But we’re now trying to catch up with you in one area: There are now two or three schools for musical theatre in England. Musicals are more and more where the commercial success is. In a very real sense it’s now what makes it possible to do the classics, because classics never make any money.

The downside in America is you don’t have people who all have the same level of training. You get a lot of variation in technique and experience. You can indulge in certain methods -- methods that bring bad habits and that can get in the way of quality. Personally, I don’t mind what method is used as long as you get there.

 

Kes Khemnu: We’re basically the bastards of England, so any of their baggage becomes our baggage. If instead we had gotten our independence from Russia, we’d all be doing Chekhov now.

 

Connect Savannah: Jane, you’ve actually updated the setting for this play.

 

Jane McCulloch: I’ve chosen 1914 as the setting for this production, because that period has a lot of formality, but also a certain modernity. Over the years I’ve done about five Shakespeare productions in the Edwardian period, because it does fit so well.

As for more modern settings, I’m not opposed to them. I’ve done a Love’s Labor Lost, for example, updated all the way to the ‘70s, which I think is a time that rather fits that play well. But you have to make sure it doesn’t get in the way of the play. For this play, we’re using a barebones set, bare except for two pillars. There’s a curtain in back which will have variations in how it’s hung from scene to scene.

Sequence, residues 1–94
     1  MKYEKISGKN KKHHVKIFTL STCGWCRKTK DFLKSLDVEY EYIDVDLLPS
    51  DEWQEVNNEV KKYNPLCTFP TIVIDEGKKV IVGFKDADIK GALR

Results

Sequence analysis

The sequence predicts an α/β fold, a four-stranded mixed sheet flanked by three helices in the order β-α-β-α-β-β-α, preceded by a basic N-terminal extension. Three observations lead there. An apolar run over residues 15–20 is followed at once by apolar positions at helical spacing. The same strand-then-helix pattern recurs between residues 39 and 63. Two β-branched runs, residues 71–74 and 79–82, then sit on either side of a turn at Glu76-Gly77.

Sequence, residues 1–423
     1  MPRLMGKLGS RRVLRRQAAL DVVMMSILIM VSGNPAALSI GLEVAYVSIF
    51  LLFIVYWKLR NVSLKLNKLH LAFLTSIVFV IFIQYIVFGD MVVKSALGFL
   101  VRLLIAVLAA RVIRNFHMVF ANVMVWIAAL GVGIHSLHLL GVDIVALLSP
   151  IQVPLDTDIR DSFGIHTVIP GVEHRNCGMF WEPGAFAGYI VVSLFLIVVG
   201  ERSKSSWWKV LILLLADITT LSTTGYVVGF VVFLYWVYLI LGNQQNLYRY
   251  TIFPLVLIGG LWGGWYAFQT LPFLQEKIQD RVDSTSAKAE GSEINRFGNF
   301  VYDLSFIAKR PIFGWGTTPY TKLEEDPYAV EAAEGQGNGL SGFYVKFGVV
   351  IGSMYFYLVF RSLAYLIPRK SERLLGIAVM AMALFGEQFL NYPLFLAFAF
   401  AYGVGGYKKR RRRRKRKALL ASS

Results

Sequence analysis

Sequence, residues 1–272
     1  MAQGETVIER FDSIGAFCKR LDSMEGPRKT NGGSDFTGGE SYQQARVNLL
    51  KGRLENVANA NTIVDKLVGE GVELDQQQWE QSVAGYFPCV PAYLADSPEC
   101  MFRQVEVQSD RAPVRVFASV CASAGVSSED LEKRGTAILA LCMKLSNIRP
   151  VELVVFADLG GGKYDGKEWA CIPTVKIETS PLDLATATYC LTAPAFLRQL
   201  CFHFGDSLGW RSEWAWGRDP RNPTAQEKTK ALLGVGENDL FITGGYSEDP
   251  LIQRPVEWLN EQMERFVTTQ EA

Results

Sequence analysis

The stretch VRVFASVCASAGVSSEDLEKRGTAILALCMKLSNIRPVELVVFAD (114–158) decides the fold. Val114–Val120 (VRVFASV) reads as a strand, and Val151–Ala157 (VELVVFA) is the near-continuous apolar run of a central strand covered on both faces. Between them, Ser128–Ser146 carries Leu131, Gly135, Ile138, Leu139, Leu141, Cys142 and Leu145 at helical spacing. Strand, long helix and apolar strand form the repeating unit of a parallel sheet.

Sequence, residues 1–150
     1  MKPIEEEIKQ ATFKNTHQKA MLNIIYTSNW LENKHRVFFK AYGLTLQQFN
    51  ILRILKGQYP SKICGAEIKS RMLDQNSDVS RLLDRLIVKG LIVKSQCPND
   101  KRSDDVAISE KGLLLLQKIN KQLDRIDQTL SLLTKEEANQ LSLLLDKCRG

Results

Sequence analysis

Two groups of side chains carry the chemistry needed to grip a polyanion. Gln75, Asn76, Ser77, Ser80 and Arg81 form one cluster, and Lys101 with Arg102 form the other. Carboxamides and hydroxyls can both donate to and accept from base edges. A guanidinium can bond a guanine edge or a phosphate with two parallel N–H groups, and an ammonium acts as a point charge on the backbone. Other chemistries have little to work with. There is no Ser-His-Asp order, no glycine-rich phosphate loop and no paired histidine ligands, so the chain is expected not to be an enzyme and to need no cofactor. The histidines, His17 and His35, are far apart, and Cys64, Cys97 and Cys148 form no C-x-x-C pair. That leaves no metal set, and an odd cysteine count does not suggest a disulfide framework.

Connect Savannah: The minimalist set will in turn make the costuming even more important.

 

Jane McCulloch: Absolutely. As a director, I love costumes. I love lighting. I love music. All of it enhances the production.

 

Kes Khemnu: I’m OK with modern productions of Shakespeare, but you have to keep guns out of it. That’s where I draw the line. There’s a whole different dynamic with guns that just doesn’t work in Shakespeare. There’s not that will, that heroism, you get with someone having to pull out their sword and use it. Guns are not heroic.

 

Connect Savannah: Patrick, local theatregoers have seen you in many productions. Tell us about your character in this one.